Research Repository

Myths of a Near Future: Advertising the New Economy

De Cock, CJL and Fitchett, JA and Farr, M (2001) 'Myths of a Near Future: Advertising the New Economy.' ephemera theory & politics in organization, 1 (3). 201 - 228. ISSN 1473-2866

[img]
Preview
Text
1-3decocketal.pdf - Published Version

Download (386kB) | Preview

Abstract

Throughout 1999 and 2000, the Internet and e-commerce rapidly became a priority concern for the business media, together with other associated constituencies such as employment agencies, management consultants, business schools, venture capitalists, and the world?s major stock exchanges. Under the umbrella term of ?New Economy? we witnessed the semiotic production of a distributed, heterogeneous, linked, socio-technical assemblage that conceived of the (economic) world in a very specific way. What was perhaps especially contemporary and unique about this phenomenon was its short life span, the extent to which mainstream institutions were so rapidly and willingly implicated, and the paucity of real economic or material referents in which to ground and locate the ?e-revolution?. As one commentator suggested, the idea of the New Economy was in large part not about economies or technologies at all, but about ways of thinking about economies (Frank, 2001). We choose to read New Economy narratives as myths. These myths were of a near future, a future that could almost be seen and grasped. In this paper we document and describe these New Economy myths through a broad semiotic analysis of advertisements published in the Financial Times (UK edition) over the period March 2000 to December 2000. All the advertisements are made available via hyperlinks (at www.ephemeraweb.org/journal), thus allowing the reader to engage with this text in creative ways; which may involve ignoring our analysis.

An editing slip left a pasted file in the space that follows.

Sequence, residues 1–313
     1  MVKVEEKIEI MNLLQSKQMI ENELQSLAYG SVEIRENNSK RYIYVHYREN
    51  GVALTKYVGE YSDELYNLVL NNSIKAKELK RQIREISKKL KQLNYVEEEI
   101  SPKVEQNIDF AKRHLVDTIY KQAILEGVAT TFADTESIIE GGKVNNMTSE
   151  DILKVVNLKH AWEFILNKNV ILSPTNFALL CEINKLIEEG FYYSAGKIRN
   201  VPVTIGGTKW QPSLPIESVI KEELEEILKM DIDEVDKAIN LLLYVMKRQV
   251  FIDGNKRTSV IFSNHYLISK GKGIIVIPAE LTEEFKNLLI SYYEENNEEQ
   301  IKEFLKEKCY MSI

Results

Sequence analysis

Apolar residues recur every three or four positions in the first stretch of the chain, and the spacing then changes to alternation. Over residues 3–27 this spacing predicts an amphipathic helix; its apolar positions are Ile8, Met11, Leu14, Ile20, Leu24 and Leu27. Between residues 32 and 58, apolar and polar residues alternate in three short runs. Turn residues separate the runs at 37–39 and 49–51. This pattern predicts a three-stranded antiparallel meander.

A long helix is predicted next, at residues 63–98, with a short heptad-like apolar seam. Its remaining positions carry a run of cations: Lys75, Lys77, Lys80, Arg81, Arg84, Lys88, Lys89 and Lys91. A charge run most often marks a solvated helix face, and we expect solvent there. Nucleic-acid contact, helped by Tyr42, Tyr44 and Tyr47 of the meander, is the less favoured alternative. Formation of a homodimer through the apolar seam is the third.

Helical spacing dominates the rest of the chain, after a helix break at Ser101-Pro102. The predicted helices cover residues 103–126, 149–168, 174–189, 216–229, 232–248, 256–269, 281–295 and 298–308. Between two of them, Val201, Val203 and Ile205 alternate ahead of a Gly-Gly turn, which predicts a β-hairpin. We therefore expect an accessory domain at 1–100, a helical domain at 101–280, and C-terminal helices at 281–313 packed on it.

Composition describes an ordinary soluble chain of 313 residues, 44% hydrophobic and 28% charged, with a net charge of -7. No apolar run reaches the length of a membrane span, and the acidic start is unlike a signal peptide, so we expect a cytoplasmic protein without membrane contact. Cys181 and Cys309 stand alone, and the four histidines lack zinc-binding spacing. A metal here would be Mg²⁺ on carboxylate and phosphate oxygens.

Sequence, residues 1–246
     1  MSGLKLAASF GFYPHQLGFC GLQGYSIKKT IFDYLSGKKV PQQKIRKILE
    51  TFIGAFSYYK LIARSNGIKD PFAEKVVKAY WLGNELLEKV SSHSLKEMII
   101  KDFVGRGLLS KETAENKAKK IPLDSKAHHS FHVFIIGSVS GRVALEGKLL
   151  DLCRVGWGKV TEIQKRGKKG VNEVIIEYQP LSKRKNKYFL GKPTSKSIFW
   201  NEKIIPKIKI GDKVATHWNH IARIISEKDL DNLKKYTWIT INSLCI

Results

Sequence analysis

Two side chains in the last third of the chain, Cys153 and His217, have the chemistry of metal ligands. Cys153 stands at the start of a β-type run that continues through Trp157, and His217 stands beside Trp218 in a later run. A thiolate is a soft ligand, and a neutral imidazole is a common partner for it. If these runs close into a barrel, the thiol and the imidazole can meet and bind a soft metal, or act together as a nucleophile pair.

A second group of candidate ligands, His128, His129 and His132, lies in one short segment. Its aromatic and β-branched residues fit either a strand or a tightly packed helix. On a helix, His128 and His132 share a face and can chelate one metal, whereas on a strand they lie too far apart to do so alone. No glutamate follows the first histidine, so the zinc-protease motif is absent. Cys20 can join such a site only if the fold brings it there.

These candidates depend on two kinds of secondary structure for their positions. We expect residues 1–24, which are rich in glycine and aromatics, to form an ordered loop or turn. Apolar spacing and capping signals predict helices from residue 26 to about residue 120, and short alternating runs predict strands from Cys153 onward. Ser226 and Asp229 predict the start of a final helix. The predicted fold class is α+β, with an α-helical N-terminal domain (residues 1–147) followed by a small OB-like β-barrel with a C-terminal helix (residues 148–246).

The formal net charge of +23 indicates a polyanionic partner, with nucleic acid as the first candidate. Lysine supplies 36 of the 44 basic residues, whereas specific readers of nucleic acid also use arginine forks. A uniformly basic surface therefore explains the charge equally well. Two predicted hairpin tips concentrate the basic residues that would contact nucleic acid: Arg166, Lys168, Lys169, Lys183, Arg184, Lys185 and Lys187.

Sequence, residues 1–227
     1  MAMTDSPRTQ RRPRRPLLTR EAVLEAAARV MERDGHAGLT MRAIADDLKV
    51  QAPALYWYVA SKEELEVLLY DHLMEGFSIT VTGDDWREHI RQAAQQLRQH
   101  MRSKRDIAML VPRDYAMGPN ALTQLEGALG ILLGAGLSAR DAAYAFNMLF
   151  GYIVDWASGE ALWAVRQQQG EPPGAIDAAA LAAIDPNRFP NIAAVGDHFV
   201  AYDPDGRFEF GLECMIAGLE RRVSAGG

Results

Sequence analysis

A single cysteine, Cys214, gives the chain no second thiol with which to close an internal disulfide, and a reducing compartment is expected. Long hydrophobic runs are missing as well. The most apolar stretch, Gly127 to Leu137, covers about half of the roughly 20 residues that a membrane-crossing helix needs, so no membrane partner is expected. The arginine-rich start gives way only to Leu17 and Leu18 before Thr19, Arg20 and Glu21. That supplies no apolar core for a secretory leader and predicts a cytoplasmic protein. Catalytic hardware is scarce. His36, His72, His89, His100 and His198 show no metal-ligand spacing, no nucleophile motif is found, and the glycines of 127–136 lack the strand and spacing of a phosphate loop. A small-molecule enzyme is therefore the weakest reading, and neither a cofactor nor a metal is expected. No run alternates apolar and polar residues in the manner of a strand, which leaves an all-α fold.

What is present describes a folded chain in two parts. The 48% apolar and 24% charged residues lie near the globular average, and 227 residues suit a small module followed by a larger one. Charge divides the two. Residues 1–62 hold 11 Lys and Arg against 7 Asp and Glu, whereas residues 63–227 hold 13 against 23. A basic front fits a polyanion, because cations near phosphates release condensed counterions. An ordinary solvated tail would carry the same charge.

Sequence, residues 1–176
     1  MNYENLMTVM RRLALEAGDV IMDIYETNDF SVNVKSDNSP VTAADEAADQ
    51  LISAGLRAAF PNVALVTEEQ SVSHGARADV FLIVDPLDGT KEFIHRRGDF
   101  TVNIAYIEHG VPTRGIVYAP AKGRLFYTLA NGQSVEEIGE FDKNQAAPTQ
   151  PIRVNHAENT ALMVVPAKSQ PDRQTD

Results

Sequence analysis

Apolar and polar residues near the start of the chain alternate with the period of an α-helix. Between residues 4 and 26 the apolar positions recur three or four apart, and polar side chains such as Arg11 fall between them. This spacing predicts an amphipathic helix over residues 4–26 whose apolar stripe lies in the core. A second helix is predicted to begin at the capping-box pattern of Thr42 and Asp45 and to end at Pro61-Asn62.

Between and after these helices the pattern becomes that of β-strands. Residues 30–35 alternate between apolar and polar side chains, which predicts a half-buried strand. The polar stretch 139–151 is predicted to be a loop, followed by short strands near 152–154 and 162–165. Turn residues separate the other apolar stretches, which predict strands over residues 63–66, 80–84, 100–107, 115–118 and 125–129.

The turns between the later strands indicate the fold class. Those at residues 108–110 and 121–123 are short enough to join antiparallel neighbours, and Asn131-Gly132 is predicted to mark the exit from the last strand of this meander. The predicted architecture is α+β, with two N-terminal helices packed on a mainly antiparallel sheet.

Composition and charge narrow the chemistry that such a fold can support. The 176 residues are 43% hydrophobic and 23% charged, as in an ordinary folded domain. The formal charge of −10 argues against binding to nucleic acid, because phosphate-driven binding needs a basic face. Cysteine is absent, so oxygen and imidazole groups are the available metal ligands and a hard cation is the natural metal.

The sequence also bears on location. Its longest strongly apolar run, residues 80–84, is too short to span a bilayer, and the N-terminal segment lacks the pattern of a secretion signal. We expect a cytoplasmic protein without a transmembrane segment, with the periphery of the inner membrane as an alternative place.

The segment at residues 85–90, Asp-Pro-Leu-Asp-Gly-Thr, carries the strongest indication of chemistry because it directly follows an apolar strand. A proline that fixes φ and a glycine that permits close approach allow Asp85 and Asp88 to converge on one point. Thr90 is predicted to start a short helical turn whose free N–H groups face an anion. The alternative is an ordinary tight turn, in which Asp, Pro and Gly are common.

Item Type: Article
Subjects: H Social Sciences > HD Industries. Land use. Labor > HD28 Management. Industrial Management
Divisions: Faculty of Social Sciences > Essex Business School
Depositing User: Jim Jamieson
Date Deposited: 08 Jan 2016 15:56
Last Modified: 17 Aug 2017 17:29
URI: http://repository.essex.ac.uk/id/eprint/15781

Actions (login required)

View Item View Item